Pres­i­dent Macron’s party dom­i­nates vote

Jamaica Gleaner - - INTERNATIONAL NEWS -

PARIS (AP): PRES­I­DENT EM­MANUEL Macron’s party, in­clud­ing untested novices, will be sweep­ing into the lower house of the French par­lia­ment, hog­ging a clear ma­jor­ity of seats af­ter win­ning an over­whelm­ing vic­tory in Sun­day’s elec­tions and clinch­ing the young leader’s hold on power.

Macron ful­filled his wish to dis­rupt pol­i­tics as usual with new faces – in­clud­ing a farmer, a teacher and a math ge­nius – and a new ap­proach. But he may be get­ting more than he bar­gained for with the en­try into par­lia­ment of loud voices from the ul­tra-left and far-right Na­tional Front leader Marine Le Pen, both promis­ing to fight his plans to over­haul French la­bor laws, one of the touch­i­est sub­jects in France.

“Through their vote, a wide ma­jor­ity of the French have cho­sen hope over anger,” said Prime Min­is­ter Edouard Philippe, re­it­er­at­ing his “to­tal” de­ter­mi­na­tion to work on ma­jor re­forms in the com­ing months.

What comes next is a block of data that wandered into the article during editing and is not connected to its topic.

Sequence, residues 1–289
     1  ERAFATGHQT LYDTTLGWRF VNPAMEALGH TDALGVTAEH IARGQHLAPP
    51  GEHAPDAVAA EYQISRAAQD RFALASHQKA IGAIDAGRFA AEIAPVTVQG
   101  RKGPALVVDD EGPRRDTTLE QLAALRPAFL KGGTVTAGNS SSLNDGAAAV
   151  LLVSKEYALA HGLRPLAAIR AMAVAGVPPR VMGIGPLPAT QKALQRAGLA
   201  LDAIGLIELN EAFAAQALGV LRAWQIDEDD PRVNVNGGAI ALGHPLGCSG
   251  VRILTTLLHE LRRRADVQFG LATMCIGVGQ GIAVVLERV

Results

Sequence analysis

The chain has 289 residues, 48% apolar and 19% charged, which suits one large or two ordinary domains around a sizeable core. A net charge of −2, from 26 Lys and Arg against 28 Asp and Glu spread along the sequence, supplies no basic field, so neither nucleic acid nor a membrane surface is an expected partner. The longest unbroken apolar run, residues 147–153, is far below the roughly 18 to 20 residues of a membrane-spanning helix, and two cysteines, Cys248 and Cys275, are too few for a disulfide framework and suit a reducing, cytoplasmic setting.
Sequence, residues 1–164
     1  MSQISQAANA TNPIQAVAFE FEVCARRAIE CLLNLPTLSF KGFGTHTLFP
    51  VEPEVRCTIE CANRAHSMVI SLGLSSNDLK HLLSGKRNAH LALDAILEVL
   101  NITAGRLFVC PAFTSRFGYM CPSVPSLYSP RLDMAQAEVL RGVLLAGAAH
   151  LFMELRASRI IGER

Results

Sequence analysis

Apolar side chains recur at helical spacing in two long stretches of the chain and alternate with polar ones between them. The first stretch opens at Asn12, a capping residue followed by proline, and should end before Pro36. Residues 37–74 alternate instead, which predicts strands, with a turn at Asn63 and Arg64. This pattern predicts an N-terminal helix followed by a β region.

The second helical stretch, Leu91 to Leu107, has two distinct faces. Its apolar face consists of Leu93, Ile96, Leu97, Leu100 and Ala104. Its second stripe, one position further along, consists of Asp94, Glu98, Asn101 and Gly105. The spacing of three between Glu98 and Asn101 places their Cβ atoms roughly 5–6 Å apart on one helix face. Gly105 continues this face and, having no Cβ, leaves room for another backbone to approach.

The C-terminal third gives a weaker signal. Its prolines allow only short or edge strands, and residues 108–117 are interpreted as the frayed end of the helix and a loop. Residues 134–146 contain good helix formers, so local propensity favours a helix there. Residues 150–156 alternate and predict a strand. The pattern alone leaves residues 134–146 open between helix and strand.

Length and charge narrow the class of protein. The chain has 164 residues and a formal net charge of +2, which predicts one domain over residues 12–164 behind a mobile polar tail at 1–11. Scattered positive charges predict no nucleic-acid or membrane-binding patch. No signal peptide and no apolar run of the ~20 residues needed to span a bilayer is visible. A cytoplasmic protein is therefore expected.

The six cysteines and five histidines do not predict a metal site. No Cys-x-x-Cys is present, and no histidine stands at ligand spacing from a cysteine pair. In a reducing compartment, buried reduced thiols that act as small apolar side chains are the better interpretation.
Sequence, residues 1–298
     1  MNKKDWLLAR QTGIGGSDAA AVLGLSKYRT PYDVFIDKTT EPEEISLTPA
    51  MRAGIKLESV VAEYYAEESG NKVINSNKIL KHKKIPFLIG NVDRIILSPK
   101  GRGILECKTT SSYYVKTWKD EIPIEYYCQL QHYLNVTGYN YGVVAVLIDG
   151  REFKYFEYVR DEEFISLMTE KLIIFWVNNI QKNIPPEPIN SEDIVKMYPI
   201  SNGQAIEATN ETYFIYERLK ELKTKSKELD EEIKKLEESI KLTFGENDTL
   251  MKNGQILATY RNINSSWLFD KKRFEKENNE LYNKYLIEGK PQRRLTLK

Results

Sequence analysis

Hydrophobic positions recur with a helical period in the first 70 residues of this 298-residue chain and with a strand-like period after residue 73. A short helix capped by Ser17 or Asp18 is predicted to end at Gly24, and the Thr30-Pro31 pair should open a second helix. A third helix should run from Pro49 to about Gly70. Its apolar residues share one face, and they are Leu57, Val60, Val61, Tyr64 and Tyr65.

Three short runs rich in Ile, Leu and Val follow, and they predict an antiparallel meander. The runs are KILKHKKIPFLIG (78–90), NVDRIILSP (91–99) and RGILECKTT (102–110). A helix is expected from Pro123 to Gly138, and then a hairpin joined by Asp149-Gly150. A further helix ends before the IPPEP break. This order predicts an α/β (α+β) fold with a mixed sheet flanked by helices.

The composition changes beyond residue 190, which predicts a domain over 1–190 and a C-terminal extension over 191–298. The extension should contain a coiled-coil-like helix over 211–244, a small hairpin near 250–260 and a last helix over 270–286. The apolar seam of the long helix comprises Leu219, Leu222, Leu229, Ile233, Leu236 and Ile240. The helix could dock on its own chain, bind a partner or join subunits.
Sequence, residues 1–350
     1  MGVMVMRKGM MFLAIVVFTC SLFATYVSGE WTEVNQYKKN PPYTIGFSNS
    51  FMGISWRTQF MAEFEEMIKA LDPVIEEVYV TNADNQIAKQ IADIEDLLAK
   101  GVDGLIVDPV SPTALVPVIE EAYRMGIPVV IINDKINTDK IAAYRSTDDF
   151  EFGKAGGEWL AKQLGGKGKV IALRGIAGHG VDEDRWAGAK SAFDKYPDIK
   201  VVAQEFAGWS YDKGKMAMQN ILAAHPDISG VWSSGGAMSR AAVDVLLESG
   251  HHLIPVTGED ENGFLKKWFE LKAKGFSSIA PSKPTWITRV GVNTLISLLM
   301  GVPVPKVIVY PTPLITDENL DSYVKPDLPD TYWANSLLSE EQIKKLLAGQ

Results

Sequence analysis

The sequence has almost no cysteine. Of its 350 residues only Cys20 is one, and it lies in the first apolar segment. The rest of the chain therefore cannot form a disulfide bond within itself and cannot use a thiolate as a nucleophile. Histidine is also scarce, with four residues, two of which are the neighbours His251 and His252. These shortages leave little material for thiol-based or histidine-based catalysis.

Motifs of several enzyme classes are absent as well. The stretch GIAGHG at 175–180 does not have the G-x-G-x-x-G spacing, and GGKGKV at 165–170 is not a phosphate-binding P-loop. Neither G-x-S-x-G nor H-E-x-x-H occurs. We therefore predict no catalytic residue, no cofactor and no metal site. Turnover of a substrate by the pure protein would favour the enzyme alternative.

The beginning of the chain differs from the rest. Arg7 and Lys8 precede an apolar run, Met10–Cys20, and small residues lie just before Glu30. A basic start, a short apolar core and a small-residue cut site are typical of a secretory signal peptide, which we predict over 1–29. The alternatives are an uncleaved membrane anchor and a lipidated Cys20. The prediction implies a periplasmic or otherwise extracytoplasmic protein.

A mi­nor reshuf­fle of the Cab­i­net, an oblig­a­tory move af­ter par­lia­men­tary elec­tions, is ex­pected this week, per­haps as soon as to­day.

The May 7 elec­tion of the 39year-old Macron, him­self untested, up­ended France’s po­lit­i­cal land­scape, a phe­nom­e­non that con­tin­ued with the par­lia­men­tary vic­tory of a party that didn’t ex­ist 14 months ago. With the June 27 start of the new ses­sion, the novices within the ranks of Macron’s Repub­lic on the Move! party will be learn­ing at high­speed. Half of the can­di­dates in the run­ning for his party were drawn from civil­ian life, and half were women.

Start­ing to­day, many will be tak­ing their first of­fi­cial steps in the cor­ri­dors of power, in­vited to pick up keys and the blue­white-red sashes warn by elected of­fi­cials, and learn their way around.


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